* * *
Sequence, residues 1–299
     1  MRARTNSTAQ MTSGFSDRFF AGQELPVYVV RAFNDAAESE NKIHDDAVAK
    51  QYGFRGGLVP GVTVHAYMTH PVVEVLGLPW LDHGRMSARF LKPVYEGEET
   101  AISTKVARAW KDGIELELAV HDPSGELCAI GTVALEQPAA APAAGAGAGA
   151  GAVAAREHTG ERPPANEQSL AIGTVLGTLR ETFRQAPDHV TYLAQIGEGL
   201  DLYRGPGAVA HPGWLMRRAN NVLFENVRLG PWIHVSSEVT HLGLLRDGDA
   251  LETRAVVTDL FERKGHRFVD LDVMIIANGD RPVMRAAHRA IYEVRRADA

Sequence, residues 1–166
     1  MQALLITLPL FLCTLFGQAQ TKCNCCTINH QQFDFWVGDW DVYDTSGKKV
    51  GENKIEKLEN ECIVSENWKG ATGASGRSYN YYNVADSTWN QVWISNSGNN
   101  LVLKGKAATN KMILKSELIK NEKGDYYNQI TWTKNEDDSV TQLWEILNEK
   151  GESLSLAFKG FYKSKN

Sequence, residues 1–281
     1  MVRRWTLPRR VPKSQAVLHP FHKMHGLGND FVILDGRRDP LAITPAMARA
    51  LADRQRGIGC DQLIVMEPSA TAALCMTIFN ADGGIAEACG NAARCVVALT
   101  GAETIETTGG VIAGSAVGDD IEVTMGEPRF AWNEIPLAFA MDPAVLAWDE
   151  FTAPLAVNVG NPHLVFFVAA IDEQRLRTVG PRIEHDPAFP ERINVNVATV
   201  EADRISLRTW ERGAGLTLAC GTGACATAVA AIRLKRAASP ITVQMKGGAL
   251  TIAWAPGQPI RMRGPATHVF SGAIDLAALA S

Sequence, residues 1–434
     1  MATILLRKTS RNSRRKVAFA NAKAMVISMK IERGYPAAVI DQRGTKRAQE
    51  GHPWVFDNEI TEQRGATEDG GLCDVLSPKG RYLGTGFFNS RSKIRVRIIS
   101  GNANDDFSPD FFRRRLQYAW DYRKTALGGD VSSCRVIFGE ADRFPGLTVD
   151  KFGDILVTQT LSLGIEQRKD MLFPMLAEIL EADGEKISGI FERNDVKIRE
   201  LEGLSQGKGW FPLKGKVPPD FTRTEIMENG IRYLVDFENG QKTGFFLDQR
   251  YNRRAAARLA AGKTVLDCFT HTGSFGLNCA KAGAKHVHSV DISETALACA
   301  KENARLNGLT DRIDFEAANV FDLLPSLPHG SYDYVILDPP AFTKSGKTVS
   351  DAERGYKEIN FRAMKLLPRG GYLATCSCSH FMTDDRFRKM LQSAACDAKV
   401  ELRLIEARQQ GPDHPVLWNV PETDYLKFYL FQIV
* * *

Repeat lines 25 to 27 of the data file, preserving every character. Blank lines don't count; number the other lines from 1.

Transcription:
   201  LEGLSQGKGW FPLKGKVPPD FTRTEIMENG IRYLVDFENG QKTGFFLDQR
   251  YNRRAAARLA AGKTVLDCFT HTGSFGLNCA KAGAKHVHSV DISETALACA
   301  KENARLNGLT DRIDFEAANV FDLLPSLPHG SYDYVILDPP AFTKSGKTVS